by Gregory J. Battersby and Charles W. Grimes, 2nd edition, 1996, 266 pages, $15.95, ISBN 1-888206-01-2 (paperback)
In every field of human endeavor there are certain "facts of life" peculiar to that field. Your hopes, wishes and theories will not change them. In the toy and game invention area, one such fact is that very few inventors today can successfully manufacture and sell their toy or game in competition with the giants like Hasbro and Mattel. Therefore the authors of this book have chosen to focus on how to sell or license your invention to a toy company.
Another fact of life is, as one toy company executive put it, "There are probably more toy inventors than there are toy customers". But despite the enormous odds, there are still opportunities in this $19 billion industry. However, you must do your homework and target your efforts.
Yet another fact of life in this field is that most companies prefer dealing with toy agents or brokers. This has come about because a large toy company may receive 10,000 offers a year and because first-time inventors are often fanatically fearful about their concept being stolen. Agents receive 25-60% of what the inventors receive. Most work on a contingency basis and require an exclusive contract for one or two years. The book discusses how to select an agent and what to consider when writing up an agreement.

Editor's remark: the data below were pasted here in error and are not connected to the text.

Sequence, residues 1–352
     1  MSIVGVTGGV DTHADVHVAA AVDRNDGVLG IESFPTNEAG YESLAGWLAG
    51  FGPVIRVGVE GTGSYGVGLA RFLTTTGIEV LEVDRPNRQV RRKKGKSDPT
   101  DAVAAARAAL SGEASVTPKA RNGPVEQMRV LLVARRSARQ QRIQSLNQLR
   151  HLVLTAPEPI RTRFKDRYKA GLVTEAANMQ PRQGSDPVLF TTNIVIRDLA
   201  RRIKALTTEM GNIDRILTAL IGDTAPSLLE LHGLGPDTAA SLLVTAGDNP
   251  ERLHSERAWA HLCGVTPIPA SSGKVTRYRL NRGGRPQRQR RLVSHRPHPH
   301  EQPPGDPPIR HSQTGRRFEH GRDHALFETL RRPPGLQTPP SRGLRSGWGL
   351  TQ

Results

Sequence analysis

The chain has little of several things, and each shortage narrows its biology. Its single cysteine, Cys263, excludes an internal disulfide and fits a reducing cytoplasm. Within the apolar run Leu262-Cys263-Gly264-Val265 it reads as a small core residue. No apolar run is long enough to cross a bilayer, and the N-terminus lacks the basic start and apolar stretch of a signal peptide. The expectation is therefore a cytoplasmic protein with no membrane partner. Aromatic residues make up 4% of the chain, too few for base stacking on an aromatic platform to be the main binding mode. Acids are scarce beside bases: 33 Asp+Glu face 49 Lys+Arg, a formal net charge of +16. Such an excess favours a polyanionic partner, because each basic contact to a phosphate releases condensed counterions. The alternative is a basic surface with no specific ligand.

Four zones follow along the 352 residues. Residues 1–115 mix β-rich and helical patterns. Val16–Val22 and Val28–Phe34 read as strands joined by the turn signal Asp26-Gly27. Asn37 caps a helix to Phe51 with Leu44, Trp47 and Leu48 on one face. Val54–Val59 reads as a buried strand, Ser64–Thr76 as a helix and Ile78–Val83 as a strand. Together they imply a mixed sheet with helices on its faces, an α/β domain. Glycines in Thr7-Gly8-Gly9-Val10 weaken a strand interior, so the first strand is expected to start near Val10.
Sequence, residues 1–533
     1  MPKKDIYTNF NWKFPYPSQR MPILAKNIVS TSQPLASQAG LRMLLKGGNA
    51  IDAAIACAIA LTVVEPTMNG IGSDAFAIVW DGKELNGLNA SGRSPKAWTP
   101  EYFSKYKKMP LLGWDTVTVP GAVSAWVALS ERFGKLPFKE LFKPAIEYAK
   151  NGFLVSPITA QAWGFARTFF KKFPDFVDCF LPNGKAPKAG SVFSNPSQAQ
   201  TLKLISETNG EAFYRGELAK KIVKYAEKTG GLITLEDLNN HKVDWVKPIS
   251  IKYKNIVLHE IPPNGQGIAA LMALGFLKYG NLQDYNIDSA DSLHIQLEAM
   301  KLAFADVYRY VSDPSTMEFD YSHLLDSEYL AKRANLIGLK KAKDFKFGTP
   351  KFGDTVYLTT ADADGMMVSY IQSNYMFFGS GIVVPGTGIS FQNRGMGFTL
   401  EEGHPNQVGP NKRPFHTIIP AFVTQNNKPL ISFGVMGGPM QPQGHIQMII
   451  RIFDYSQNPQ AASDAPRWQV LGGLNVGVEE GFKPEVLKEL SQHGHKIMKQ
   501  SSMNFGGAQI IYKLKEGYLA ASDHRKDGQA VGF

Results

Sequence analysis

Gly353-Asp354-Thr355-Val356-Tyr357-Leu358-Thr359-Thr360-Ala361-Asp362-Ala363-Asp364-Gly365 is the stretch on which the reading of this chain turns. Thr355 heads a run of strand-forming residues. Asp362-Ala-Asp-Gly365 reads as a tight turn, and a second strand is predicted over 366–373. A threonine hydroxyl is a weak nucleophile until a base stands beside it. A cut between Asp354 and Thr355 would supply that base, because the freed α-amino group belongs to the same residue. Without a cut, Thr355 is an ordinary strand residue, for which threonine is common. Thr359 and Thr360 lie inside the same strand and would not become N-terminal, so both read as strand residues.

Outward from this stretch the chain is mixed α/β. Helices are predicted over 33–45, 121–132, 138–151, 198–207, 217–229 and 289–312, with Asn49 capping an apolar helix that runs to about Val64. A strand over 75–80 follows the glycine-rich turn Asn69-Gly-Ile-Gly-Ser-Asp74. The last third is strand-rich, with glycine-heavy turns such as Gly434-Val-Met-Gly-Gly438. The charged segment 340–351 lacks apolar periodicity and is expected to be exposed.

Should you decide not to work through an agent, the book details how to present your idea and to whom. The key person is the "gatekeeper", a slang term for the individual that companies designate to do the initial evaluation of new product ideas. Be prepared for rejection - only 1 of 1,000 new toy/game ideas make it to the marketplace.
The book thoroughly covers such topics as making your presentation... confidential disclosure agreements... follow-up... option agreements... letters of intent... compensation... sublicensing... indemnification... insurance... royalty audits... infringers... counterfeiters... tax planning...
The most important annual event in the industry is the International Toy Fair held in New York City every February. Similar events are held in Canada, England, Germany, Hong Kong and Italy.
The appendices cover 117 pages and they alone are worth the price of the book. Among the gems - retail sales of the top ten retailers... resources for the toy inventor... samples of the copyright form... toy patent... game board patent... trademark application... power of attorney... confidential disclosure agreement... waiver agreement... product disclosure form... toy agent agreement (11 pages)... letter of intent... license agreement... list of agents/brokers... names and addresses of toy companies (42 pages)...
This book may destroy some illusions you may have about the toy and game field, but it is probably the single source of factual information on the field available today.